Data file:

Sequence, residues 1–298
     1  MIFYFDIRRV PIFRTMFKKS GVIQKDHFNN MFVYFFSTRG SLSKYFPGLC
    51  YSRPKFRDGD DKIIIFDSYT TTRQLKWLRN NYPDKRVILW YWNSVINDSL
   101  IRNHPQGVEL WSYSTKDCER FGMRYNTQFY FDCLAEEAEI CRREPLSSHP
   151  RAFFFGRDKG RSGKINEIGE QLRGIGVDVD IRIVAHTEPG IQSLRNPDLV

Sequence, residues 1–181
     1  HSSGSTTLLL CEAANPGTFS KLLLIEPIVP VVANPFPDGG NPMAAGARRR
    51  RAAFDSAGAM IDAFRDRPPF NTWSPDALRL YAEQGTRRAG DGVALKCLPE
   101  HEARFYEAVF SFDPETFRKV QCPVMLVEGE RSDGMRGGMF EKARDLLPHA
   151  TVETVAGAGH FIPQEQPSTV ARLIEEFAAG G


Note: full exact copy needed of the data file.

Sequence, residues 1–298
     1  MIFYFDIRRV PIFRTMFKKS GVIQKDHFNN MFVYFFSTRG SLSKYFPGLC
    51  YSRPKFRDGD DKIIIFDSYT TTRQLKWLRN NYPDKRVILW YWNSVINDSL
   101  IRNHPQGVEL WSYSTKDCER FGMRYNTQFY FDCLAEEAEI CRREPLSSHP
   151  RAFFFGRDKG RSGKINEIGE QLRGIGVDVD IRIVAHTEPG IQSLRNPDLV

Sequence, residues 1–181
     1  HSSGSTTLLL CEAANPGTFS KLLLIEPIVP VVANPFPDGG NPMAAGARRR
    51  RAAFDSAGAM IDAFRDRPPF NTWSPDALRL YAEQGTRRAG DGVALKCLPE
   101  HEARFYEAVF SFDPETFRKV QCPVMLVEGE RSDGMRGGMF EKARDLLPHA
   151  TVETVAGAGH FIPQEQPSTV ARLIEEFAAG G